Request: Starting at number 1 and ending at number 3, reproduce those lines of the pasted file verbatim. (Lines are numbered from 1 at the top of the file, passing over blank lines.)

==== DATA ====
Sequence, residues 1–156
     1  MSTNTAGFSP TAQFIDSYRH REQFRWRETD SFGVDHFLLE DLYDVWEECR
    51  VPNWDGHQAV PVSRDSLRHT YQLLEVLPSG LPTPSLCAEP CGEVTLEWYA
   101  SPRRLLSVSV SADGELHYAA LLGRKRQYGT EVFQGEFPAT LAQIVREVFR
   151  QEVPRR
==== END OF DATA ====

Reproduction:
Sequence, residues 1–156
     1  MSTNTAGFSP TAQFIDSYRH REQFRWRETD SFGVDHFLLE DLYDVWEECR
    51  VPNWDGHQAV PVSRDSLRHT YQLLEVLPSG LPTPSLCAEP CGEVTLEWYA